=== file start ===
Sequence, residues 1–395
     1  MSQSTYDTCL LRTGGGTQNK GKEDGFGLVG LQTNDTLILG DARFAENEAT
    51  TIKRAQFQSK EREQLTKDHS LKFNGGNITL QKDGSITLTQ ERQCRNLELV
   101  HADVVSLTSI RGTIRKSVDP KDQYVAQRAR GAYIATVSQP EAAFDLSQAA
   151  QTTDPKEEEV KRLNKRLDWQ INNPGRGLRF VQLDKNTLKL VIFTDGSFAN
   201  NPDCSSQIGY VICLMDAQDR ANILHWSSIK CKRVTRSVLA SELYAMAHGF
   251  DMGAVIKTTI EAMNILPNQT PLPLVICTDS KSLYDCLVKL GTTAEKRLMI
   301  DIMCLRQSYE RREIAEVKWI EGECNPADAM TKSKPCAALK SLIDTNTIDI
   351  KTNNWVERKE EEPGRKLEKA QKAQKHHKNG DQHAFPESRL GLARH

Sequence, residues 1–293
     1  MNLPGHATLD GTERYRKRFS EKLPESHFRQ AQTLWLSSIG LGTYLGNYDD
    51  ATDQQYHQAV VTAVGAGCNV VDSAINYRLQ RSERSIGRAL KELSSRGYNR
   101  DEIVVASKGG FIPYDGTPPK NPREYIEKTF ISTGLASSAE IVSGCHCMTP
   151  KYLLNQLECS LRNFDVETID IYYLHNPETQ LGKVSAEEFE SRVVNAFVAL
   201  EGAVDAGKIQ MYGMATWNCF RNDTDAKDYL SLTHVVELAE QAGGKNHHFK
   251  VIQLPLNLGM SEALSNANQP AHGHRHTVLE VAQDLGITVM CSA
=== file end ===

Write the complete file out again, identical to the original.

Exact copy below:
Sequence, residues 1–395
     1  MSQSTYDTCL LRTGGGTQNK GKEDGFGLVG LQTNDTLILG DARFAENEAT
    51  TIKRAQFQSK EREQLTKDHS LKFNGGNITL QKDGSITLTQ ERQCRNLELV
   101  HADVVSLTSI RGTIRKSVDP KDQYVAQRAR GAYIATVSQP EAAFDLSQAA
   151  QTTDPKEEEV KRLNKRLDWQ INNPGRGLRF VQLDKNTLKL VIFTDGSFAN
   201  NPDCSSQIGY VICLMDAQDR ANILHWSSIK CKRVTRSVLA SELYAMAHGF
   251  DMGAVIKTTI EAMNILPNQT PLPLVICTDS KSLYDCLVKL GTTAEKRLMI
   301  DIMCLRQSYE RREIAEVKWI EGECNPADAM TKSKPCAALK SLIDTNTIDI
   351  KTNNWVERKE EEPGRKLEKA QKAQKHHKNG DQHAFPESRL GLARH

Sequence, residues 1–293
     1  MNLPGHATLD GTERYRKRFS EKLPESHFRQ AQTLWLSSIG LGTYLGNYDD
    51  ATDQQYHQAV VTAVGAGCNV VDSAINYRLQ RSERSIGRAL KELSSRGYNR
   101  DEIVVASKGG FIPYDGTPPK NPREYIEKTF ISTGLASSAE IVSGCHCMTP
   151  KYLLNQLECS LRNFDVETID IYYLHNPETQ LGKVSAEEFE SRVVNAFVAL
   201  EGAVDAGKIQ MYGMATWNCF RNDTDAKDYL SLTHVVELAE QAGGKNHHFK
   251  VIQLPLNLGM SEALSNANQP AHGHRHTVLE VAQDLGITVM CSA